Jenna I would refer you to the film for most of these questions, regarding pruning and training. I would suggest using dwarf if they are hardy in your area, disease resistant certainly. Make sure you have 2 cultivars of each species you cram in for proper pollination. If you can grow cherries in your part of Michigan they are nice along the north edge since they can be the largest tree. Plums, apples, pear, kiwi, peaches, small fruit, cane fruit,… Why limit yourself? Just try to put enough for you and the wildlife. The major problem in the city is wildlife helping themselves to the crop from a limited number of trees.

I believe in that video that you were using Honey Locust as one of the trees in your permaculture orchard, largely for nectar for pollinators, and to block same genus trees from being too close together for pest insects. I know there is some controversy about whether Honey Locust fixes nitrogen (or less of it), since it doesn’t produce root nodules, but it is a legume. What’s your experience on this? When hearing Mark Shepard present back in February 2014, I was surprised to hear him say that he’d planted plenty of Black Locust in his plantings, and not noticed a difference in terms of assisting nearby fruit trees, though he said there was a measurable difference on grass and herbaceous plants near the locusts. He also mentioned the important fact that locust thorns have burst a lot of tractor tires on him!


My overall question is: have you noticed nitrogren-fixing trees affecting crops/tree health, and if so, which ones seem to have the most effect? I love locusts – I think because they have some amazing qualities (nitrogen-fixing, rot resistance (Black Locust), huge pods for forage (Honey Locust), soap substitute (I think it’s Chinese Honey Locust), Caspian Locust (sweet sap), but also have some management challenges (large thorns, fast-spreading with suckers).


Rob I don’t see where you're from. Honey Locust are our hardest working trees. As per Permaculture design the elements you use should have 3 functions. Here’s what honey locust do for us:

1) FIXES NITROGEN. I don’t care how but they give us a commercial yield on our fruit trees so I assume they are doing something in that department.

2) In BLOOM nothing we grow beats honey locust for straight power of attracting insects. It’s just amazing the insect in those trees in bloom. Not just bees, everything that sips nectar and seeks pollen is in there.

3) Once the trees are tall enough (12-18′) we use them as LIVING POSTS. Attach our frost protection wire and pipe on to them.

4) LIVING STAKES. We grow our annual vining crops up onto them (peas, beans, cucumbers) in the early years and are now switching to our perennial vines (grape and hardy kiwi) to grow up them.

5) MULCH the leaves fall as leaflets and make a great mulch that quickly turns to compost under the trees. It allows many seedlings to sprout and grow beneath them serving as a LIVING NURSERY tree.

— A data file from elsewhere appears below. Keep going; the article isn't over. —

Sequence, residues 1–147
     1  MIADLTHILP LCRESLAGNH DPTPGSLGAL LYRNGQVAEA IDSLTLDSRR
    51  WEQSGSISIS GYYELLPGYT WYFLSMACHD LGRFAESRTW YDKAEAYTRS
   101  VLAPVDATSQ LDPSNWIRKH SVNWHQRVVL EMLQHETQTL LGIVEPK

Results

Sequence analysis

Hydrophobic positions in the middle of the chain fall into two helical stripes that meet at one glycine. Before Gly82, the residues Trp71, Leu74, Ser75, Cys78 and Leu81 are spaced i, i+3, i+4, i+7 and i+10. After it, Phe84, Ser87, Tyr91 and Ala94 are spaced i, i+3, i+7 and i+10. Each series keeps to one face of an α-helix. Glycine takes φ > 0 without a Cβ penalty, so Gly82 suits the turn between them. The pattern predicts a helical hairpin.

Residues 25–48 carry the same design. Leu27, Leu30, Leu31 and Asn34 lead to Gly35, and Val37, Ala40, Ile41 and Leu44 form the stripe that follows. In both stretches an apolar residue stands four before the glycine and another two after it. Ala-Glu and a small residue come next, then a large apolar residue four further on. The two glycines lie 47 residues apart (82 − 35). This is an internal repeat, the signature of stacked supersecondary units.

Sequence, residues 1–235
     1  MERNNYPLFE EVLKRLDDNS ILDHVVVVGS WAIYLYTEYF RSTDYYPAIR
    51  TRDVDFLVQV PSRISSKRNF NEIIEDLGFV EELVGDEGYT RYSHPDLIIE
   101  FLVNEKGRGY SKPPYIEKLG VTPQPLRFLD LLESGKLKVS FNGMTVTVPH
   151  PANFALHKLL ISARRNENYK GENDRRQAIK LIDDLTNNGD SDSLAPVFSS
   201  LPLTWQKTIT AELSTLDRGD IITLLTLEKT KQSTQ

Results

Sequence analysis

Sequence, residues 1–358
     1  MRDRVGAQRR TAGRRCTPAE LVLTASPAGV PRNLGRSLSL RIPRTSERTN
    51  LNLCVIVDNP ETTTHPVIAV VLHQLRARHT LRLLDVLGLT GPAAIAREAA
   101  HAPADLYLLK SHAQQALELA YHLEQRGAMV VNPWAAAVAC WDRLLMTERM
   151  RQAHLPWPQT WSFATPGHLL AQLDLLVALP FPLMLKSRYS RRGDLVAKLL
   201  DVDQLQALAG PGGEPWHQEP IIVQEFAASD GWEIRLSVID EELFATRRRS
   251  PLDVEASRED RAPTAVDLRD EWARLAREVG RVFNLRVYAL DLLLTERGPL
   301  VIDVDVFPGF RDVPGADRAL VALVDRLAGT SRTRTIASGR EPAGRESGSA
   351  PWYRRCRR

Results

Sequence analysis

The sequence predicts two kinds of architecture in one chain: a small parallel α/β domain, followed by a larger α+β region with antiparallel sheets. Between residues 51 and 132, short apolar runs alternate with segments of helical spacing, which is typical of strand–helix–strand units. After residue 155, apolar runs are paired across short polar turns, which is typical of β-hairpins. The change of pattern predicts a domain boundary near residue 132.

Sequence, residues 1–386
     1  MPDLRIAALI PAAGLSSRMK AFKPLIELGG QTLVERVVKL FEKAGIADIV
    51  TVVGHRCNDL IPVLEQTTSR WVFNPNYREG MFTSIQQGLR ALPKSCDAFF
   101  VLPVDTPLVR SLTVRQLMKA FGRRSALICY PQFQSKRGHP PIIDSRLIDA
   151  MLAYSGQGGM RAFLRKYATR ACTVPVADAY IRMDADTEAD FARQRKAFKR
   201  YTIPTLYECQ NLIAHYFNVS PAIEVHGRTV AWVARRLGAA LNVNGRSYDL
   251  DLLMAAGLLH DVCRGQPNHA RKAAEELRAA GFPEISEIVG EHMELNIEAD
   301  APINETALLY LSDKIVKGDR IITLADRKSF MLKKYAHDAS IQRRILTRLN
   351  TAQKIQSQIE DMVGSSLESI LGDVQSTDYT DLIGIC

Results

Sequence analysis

We operate as a members only U-Pick. Black locust with its thorns is not a crowd friendly tree. All our honey locust are the thornless variety ‘inermis’. We are trying all nitrogen fixers and have not seen a noticeable difference so far. Time will tell?


Wikipedia says Honey Locust range from 66-100′. I can’t say I’ve ever seen one that big in my area – where they are just barely native species at the very north of their range. I see them up to about 30′ or so. I imagine those tall heights are pretty old trees in the south of their range. Note that I’ve only tried this so far with Black Locust, and only for a few years, but Martin Crawford uses this technique with nitrogen-fixing trees (Geoff Lawton too – I think it’s him that calls them ‘nurse trees’). I expect Honey Locust would respond the same way to coppicing, but don’t know for certain. Also – as noted above, it is said not to have as much nitrogen-fixation.

Rob Read

Yes Honey locust is an excellent coppice tree. Most of its nitrogen release happens by pruning and subsequent root sloughing or so they say.

As you know, I will be in your region so this is a personal question. What place, if any would a nut tree have in a permaculture orchard in your climate and where would you put it in the NAP setup? Also, I would like to know how are the peaches doing in your climate.

Hugo Deslippe

Peaches took last winter hard (-28c). They are slowly coming back but a back to back winter like last will likely kill them. Oh well so much for play trees. Nuts: we have many types (hazels, Japanese walnut, black walnut, oaks, chestnut). We are trying most as single trees in the NAP instead of a fruit tree. Except for the black walnut which we use at the start of the rows and have a few different combos next to them to see their effect over the years. So far only one black walnut is not happy being next to a spruce. We have some near apple and pear with no noticeable effect so far. Trials always trials. Hazels do great instead of a fruit tree and add nicely to diversity of families in the row.